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Climate Change Poses Health Care Challenges

A team of researchers at Simon Fraser University says the province needs to be better prepared for the impact of climate change on public health.

The Pacific Institute for Climate Solutions team studied a range of events that are being felt as the result of global warming, from extreme weather events to severe wildfires.

The paper was created by studying peer-reviewed and grey literature to better understand the complex relationship between changing climate, health, and the public health care system.

It recommends new strategies be developed around telemedicine, increased green space and protection of the environment, and ensuring food security.

One of the co-authors is SFU Health Sciences Professor Tim Takaro, who says climate change “is a risk multiplier” and people stressed by “low income, inaccessibility to healthy foods, water, some of the very basics, and clean air” will face even greater stress.

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Takaro says additional resilience will also be needed for community water systems.

He says they studied three Lower Mainland water reservoirs and found “extreme rain events, that we certainly experienced this past winter, are a risk for gastrointestinal illness” even in urban areas with high-quality water systems are not immune.

“When it rains really hard, especially after a dry period, people get waterborne illness.”

Takaro says small rural, isolated, and Indigenous communities are at particular risk in their water systems, which may not be state of the art.

Another concern is our air quality and Takaro says the report underscores the urgent need for dramatic greenhouse gas reductions.

He warns that the province cannot support more infrastructure to burn fossil fuels while saying it’s committed to transitioning to green energy.

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“They are pretending that CleanBC and expanding liquid natural gas industry are consistent, and you can’t build a whole new infrastructure to burn fossil fuel in the future.”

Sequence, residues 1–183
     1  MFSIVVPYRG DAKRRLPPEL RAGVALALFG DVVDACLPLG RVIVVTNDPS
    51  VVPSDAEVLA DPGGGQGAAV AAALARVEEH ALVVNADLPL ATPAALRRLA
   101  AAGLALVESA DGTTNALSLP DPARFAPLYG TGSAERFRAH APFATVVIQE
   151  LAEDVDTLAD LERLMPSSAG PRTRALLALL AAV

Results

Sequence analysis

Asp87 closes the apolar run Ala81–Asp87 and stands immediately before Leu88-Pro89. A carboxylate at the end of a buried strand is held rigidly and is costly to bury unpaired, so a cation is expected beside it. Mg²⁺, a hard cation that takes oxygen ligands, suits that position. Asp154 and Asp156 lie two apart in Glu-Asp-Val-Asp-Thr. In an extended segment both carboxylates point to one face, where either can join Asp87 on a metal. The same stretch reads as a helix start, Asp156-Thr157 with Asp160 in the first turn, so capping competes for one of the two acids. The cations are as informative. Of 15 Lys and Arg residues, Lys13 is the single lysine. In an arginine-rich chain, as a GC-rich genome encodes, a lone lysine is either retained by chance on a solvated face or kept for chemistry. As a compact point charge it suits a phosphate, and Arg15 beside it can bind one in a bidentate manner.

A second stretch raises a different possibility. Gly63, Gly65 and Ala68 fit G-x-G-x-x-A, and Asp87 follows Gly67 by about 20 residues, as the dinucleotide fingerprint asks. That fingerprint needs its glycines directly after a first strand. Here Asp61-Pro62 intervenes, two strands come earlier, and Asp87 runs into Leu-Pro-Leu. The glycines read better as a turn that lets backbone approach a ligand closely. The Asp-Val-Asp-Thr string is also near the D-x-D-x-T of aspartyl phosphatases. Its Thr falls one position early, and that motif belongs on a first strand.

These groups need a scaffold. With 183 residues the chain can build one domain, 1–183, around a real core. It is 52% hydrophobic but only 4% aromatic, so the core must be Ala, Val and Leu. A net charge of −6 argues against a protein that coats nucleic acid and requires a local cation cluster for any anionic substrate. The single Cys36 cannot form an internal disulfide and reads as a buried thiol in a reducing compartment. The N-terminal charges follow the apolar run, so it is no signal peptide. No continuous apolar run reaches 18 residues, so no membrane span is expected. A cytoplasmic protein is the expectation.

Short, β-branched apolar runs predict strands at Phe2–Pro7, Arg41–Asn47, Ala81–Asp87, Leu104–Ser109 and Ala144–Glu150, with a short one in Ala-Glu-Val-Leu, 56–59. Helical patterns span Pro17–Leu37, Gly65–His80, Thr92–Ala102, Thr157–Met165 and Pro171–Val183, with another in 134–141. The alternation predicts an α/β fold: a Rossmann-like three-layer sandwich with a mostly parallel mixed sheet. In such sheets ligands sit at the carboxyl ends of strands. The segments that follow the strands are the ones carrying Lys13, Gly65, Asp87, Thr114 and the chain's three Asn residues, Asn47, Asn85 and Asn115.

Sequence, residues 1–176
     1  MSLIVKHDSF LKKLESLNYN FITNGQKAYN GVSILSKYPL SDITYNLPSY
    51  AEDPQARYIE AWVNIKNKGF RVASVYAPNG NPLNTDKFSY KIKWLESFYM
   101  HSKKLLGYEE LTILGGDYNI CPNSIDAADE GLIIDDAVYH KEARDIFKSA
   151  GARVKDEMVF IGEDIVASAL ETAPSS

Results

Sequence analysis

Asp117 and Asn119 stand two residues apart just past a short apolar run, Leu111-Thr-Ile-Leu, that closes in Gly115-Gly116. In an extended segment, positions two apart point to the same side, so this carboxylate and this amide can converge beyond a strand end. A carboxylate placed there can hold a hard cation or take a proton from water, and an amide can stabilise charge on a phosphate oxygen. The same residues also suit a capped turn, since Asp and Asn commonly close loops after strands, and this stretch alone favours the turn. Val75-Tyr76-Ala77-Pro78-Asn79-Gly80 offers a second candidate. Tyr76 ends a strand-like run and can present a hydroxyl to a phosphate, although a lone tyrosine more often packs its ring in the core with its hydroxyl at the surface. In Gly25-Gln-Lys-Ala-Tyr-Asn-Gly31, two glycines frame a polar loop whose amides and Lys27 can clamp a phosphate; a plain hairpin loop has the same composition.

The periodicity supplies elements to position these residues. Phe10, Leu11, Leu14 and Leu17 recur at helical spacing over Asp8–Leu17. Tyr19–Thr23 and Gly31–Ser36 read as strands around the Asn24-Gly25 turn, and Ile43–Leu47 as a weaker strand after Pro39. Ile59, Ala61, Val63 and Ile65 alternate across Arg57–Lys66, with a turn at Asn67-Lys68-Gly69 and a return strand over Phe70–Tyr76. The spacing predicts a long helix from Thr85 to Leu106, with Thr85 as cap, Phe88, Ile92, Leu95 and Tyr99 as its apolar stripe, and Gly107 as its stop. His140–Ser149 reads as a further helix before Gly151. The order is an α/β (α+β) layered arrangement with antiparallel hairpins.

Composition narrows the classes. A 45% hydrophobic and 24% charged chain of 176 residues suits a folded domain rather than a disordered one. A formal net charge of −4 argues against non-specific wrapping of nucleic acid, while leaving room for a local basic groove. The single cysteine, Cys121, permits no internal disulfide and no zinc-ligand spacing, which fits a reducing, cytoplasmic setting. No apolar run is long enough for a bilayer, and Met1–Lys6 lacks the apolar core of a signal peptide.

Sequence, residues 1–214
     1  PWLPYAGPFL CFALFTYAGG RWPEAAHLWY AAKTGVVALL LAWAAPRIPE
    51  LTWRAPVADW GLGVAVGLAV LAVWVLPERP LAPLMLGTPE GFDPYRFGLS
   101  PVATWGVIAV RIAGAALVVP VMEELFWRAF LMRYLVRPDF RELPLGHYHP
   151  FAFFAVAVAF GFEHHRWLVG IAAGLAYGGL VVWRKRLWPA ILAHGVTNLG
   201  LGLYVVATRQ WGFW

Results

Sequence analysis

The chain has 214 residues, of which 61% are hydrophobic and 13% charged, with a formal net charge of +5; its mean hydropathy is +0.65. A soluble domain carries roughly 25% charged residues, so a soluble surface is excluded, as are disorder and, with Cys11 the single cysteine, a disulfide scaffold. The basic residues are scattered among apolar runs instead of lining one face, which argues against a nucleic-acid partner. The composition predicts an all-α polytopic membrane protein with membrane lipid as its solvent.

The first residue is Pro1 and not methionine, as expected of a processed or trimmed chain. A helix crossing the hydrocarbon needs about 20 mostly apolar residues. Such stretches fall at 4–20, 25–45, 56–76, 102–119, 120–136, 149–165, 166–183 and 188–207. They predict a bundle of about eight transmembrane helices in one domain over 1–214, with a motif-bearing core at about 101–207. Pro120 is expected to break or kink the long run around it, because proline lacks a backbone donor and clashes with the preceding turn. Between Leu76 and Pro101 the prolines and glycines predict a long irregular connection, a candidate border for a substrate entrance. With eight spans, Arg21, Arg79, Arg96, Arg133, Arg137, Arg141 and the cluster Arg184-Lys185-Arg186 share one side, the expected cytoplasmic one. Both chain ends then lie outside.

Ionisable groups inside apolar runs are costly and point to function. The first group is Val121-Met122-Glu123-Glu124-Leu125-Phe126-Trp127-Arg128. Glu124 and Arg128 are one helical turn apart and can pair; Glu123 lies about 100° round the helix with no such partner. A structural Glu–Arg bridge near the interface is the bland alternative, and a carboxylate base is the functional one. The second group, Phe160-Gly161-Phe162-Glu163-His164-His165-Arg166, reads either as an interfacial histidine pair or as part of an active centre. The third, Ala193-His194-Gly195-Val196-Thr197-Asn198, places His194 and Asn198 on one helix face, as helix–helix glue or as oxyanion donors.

He warns that the six-hundred deaths BC experienced during last year’s heat dome is only the beginning.

Takaro says climate change poses “direct, indirect, and intersecting threats to human health” and will worsen existing health and social inequalities.

The report says new strategies for telemedicine would create consistency and standards across the province and expand health care in an equitable and sustainable manner.

It recommends a greater emphasis on more parks and pristine outdoor settings for health and wellness, reducing exposure to extreme heat and creating cleaner air.

The report warns that climate change will impact growing seasons and the health of agricultural workers.

It recommends planning for sustainable food systems with attention on production, processing, packaging, distribution, marketing, consumption, and disposal of food.

While the study was underway the COVID-19 pandemic began and the researchers say the disruptions allowed them to witness the fragility of our social, political, economic, and healthcare systems,” and provided an opportunity to reimagine the future.

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